Crimson Quill’s Appraisal #793
Number of Views: One
Release Date: April 16, 1993
Sub-Genre: Psychological Thriller/Western
Country of Origin: South Africa, United Kingdom
Running Time: 103 minutes
Director: Richard Stanley
Producer: JoAnne Sellar
Screenplay: Richard Stanley
Special Effects: John Cormican
Cinematography: Steven Chivers
Score: Simon Boswell
Editing: Derek Trigg, Paul Carlin
Studios: British Screen Productions, Channel Four Films, Miramax, Palace Pictures, Shadow Theatre Films
Stars: Chelsea Field, Robert John Burke, Zakes Mokae, Rufus Swart, Terri Norton, John Matshikiza, William Hootkins, Russell Copley, Andre Odendaal, Luke Cornell, Philip Henn, Robert Stevenson, Peter Hallr, Stephen Earnhart, Marianne Sägebrecht
Suggested Audio Jukebox ♫
 Die Antwoord “I Fink U Freeky”
 Billie Holiday “That Ole Devil Called Love”
 Simon Boswell “Dust Devil”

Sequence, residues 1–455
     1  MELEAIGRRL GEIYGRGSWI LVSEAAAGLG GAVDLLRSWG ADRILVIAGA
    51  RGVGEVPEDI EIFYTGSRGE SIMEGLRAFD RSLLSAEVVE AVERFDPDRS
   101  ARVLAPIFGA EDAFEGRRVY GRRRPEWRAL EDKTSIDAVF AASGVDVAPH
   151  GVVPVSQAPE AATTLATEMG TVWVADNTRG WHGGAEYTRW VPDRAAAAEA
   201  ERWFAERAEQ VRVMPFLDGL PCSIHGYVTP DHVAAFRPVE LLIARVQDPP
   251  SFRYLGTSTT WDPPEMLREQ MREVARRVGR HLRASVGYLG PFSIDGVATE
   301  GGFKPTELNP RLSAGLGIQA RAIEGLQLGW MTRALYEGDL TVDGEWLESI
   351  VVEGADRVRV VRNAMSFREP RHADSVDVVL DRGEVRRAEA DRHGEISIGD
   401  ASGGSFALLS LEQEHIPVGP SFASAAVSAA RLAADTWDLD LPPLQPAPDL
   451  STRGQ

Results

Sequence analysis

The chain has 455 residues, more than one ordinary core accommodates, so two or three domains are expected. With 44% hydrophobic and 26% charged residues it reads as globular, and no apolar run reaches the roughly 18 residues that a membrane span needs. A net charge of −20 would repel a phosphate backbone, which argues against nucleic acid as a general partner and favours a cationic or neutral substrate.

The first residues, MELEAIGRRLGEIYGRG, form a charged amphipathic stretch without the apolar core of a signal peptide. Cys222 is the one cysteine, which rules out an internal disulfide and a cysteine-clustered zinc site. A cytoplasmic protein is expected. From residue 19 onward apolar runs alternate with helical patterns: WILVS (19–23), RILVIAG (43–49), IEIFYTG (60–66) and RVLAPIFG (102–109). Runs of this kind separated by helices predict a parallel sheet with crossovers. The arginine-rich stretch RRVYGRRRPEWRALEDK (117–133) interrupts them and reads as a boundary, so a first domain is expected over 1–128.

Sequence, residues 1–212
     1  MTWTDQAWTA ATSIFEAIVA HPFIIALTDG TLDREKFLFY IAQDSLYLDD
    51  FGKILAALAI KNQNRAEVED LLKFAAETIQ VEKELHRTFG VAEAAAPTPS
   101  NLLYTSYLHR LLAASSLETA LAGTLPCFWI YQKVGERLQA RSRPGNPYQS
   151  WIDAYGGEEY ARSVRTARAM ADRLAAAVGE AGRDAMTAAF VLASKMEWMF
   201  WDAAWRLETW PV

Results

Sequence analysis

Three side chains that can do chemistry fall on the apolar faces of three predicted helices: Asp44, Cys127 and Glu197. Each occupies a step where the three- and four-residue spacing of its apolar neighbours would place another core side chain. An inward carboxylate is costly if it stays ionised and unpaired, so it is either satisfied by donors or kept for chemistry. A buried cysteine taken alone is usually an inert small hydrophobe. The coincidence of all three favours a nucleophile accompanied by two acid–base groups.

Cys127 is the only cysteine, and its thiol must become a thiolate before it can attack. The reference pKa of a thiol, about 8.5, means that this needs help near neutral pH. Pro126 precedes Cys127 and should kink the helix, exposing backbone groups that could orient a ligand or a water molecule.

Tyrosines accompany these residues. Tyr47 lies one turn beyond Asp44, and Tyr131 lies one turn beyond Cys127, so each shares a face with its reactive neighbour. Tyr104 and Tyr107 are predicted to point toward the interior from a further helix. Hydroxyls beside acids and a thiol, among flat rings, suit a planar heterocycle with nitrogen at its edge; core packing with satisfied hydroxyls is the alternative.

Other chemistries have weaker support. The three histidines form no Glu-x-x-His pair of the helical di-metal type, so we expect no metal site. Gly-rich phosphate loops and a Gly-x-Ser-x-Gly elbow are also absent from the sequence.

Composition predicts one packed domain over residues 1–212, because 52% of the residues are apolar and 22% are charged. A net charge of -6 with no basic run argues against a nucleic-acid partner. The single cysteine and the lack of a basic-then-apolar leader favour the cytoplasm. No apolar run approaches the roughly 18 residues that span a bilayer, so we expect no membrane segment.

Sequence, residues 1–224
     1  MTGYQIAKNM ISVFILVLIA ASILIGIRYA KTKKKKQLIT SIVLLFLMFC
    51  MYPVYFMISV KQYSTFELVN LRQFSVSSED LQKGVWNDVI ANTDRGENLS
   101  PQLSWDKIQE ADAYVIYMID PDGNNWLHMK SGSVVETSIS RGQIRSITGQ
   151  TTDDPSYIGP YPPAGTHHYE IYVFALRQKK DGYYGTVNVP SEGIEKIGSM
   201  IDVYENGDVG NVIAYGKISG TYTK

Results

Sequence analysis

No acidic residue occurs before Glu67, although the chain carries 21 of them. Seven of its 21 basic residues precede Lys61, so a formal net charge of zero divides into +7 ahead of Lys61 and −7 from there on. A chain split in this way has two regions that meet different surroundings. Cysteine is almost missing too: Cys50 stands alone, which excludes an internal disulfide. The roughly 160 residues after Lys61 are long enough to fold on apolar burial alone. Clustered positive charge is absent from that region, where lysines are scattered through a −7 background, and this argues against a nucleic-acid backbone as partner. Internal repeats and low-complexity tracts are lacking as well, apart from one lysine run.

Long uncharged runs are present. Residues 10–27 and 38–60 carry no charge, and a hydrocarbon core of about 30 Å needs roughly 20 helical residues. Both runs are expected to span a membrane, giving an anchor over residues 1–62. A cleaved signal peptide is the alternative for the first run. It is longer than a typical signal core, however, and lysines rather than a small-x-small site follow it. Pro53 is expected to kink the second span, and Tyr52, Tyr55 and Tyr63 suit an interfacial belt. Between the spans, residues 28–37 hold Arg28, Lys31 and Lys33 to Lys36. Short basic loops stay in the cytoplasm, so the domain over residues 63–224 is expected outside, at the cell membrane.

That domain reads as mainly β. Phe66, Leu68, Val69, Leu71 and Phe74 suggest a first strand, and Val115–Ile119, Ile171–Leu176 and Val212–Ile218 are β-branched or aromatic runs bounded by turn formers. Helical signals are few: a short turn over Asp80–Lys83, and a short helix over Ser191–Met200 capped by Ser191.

Before we commence, I feel obliged to point out that we are not here today to talk about upward motion whirlwinds and neither is this an advertisement for a brand new cordless handheld vacuum cleaner retailing at $49.95 and available from all good stockists. Apologies for any confusion, but our talking point this day is actually a long overlooked 1992 oddity from the man responsible for another long overlooked oddity from two years prior, by the name of Hardware.
Recently I took this taut low-budget apocalyptic thriller for a woefully tardy second run out and was thrilled to discover that the first cut need not necessarily be the deepest. On reintroduction, South African visionary Richard Stanley’s film promptly announced itself at the very top table with regards to cherished cinematic concoctions. That is to say, I love its bloody bones or perhaps nuts and bolts would be more fitting on this occasion.